DNA extraction and mitochondrial DNA analysis

Total genomic DNA was extracted using Gentra Puregene Tissue Kit (QIAGEN), according to manufacturer’s instructions. Approximately 1 μl of extracted DNA was used to amplify the base sequence control region by polymerase chain reaction (PCR) as described by Watanobe et al., 2003. PCR primers, mitL3 (5′-ATATACTGGTCTTGTAAACC-3′) in L strand of threonine tRNA and mitH106 (5′-ACGTGTACGCACGTGTACGC-3′) in the H strand of the control region were used to amplify the mitDNA as described by Watanobe et al. 1999. PCR amplification was done in an 8 μl reaction mixture containing 2 to 30 ng of extracted DNA, 4 μL of QIAGEN Multiplex PCR Master Mix, and 0.2 μL of each 10 μM primer. Thermal cycling conditions used in T100 thermal cycler (Bio-Rad Laboratories, Inc., Hercules, CA, USA) included: initial DNA denaturation at 95 °C for 15 min, heat denaturation at 94 °C for 30 sec, annealing at 60 °C for 1 min 30 sec, extension reaction at 72 °C for 1 min. The cycle was repeated 30 times followed by the final extension at 60 °C for 30 min. The amplified DNA fragments were subjected to electrophoresis on a 1.5% agarose gel and later purified. Amplified PCR products were purified using illustra ExoStar (GE Healthcare). Sequence reaction was performed on the purified product with ABI BigDye Terminator Cycle Sequencing Kit ver. 3.1 (Applied Biosystems). As described in Watanobe et al. 2003, additional primers mitL120 (5′-ACCGCCATTAGATCACGAGAC-3′) and mitH124 (5′-ATGGCTGAGTCCAAGCATCC-3′) were added for DNA sequencing of the mtDNA control region. The nucleotide sequence was determined with ABI PRISM 3130 Genetic Analyzer (Applied Biosystems).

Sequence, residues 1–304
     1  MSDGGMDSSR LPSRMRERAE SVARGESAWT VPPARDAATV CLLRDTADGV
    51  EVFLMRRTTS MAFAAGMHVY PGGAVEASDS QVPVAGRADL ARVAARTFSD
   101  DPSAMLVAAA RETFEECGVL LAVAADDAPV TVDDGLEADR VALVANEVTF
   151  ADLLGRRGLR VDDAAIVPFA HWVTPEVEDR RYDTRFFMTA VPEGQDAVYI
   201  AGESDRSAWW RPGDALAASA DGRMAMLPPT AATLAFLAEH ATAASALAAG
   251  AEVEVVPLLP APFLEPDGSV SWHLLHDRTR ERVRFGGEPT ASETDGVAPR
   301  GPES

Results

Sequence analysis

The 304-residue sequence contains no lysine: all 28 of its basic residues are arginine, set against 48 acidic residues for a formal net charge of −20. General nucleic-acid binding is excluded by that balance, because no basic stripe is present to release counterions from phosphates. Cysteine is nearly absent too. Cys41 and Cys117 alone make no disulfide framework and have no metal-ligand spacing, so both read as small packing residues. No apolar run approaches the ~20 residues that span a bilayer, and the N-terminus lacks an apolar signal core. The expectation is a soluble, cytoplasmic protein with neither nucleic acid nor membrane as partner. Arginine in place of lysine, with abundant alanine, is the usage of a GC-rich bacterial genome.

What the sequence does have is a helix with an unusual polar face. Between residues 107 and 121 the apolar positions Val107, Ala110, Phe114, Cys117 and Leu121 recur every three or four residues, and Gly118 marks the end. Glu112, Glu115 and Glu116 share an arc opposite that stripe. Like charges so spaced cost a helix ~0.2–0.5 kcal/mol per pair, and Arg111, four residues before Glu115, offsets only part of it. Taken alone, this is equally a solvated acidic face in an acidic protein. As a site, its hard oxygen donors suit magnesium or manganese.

Data analysis

The mtDNA control region of 338 samples were successfully amplified using PCR with primer pair L3/H106 or L120/H124. Using PCR product-direct sequencing with each of four internal primers (L3, L120, H106, H124), partial sequences (713-bp) were determined from all samples. DNA sequencing data was viewed from FinchTV chromatogram viewer version 1.5.0 (Geospiza Inc.). Based on aligned sequences, a parsimony network of all haplotypes was created using results from TCS 1.2134 with gaps treated as missing data (Fig. 1). Concurrently, all sequences were aligned with previously deposited sequences in GeneBank12,29 and haplotype origins (e.g. European or Japanese clade) were identified.

Due to the possible environmental impact on wild boar populations within evacuated zones following the FDNPP accident, our results of haplotype occurrence were reviewed based on samples before and after the accident (Table 2). Additionally, frequency of haplotypes was characterized by distance between sample locations and FDNPP (e.g. initial evacuation zones in 2011, Difficult-to-Return to zone, and non-evacuated areas).

Accession codes

Detected hybrid (H1, cross between Japanese wild boar and released domestic pigs) DNA sequence has been deposited at GenBank under accession code MK801664.